Article by Dale Andrews and edited by Jim Cunningham
Nowadays, the term ‘heritage roses’ refers to those that were grown before 1900. Roses developed after 1900 are referred to as garden or modern roses. Jim’s presentation followed five main areas:
Location – In some parts of the world, roses need sunlight all day but in Australia six hours a day of morning sunlight is sufficient. The best time for the sunlight is early in the day. Once the outside temperature reaches 30 degrees, it is best to pick any blooms as the heat will ruin them if left on the bush.
Soil Preparation – Preparation of the soil should commence at least six weeks before planting. It helps if garden beds are not more than two metres wide so that the bushes can be reached without damaging other bushes from either side.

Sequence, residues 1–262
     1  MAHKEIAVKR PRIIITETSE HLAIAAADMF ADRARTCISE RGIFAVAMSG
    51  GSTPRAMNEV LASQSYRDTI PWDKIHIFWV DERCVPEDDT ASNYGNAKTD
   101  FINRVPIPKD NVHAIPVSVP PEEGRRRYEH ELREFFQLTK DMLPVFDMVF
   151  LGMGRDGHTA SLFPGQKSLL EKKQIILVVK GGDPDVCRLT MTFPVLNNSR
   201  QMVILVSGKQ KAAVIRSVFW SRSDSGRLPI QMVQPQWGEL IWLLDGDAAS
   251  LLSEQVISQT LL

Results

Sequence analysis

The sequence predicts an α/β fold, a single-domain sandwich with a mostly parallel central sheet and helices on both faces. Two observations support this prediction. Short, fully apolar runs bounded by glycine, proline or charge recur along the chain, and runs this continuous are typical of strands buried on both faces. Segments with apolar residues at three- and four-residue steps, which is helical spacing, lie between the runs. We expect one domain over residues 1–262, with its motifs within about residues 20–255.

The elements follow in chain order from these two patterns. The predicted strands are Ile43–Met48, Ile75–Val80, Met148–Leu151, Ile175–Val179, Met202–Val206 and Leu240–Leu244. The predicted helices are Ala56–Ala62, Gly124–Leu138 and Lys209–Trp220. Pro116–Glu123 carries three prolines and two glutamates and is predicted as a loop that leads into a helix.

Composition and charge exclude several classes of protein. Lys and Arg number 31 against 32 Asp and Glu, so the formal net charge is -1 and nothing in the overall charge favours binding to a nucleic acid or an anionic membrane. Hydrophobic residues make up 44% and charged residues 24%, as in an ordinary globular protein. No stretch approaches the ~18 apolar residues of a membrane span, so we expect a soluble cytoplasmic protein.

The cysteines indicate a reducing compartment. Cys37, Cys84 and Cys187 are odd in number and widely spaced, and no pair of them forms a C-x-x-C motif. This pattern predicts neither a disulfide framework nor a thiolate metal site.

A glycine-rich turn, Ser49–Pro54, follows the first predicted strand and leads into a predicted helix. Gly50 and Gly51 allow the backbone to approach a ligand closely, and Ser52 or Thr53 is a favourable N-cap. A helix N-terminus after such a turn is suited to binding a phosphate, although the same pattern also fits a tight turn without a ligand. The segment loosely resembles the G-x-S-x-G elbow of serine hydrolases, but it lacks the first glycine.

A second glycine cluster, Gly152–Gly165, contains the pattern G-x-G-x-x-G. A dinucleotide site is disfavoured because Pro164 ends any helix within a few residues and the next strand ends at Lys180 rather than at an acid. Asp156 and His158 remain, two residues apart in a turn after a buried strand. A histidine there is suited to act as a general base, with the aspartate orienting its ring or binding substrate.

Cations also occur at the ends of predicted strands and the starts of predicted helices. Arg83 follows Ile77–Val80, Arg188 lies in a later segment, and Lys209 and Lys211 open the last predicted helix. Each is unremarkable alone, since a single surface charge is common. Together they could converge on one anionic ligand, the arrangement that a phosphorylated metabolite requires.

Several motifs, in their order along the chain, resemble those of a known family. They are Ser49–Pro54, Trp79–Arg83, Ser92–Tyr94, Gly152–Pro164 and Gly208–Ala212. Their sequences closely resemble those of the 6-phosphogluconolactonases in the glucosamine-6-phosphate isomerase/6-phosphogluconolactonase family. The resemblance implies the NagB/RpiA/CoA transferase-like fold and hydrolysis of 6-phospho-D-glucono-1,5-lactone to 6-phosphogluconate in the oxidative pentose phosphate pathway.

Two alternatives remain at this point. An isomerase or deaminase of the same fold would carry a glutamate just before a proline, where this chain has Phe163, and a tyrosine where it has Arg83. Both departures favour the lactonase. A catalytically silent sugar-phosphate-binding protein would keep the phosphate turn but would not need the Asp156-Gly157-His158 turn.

Water – Water is the most important aspect of growing roses. Fertilisers will not reach the roots unless the water has successfully reached them already. Superficial watering is of no use. A good soaking every five to seven days is beneficial. Jim waters his roses between 6.00am – 8.00am.
Fertilise, Manure and Mulch – That is the correct order for caring for roses. The Rose Society recommends Sudden Impact for Roses. Jim’s tip for remembering when to fertilise roses is to: fertilise in the months that have an ‘r’ in their spelling, so not in the winter months. Manure is helpful but not fresh poultry manure. Mulch is beneficial and Jim uses lucerne about 10cm deep.
Spray – It is of course the grower’s choice which sprays, if any, to use. Spraying is a preventative measure and used the analogy of people having flu injections at the beginning of winter. Prevention is always better than cure.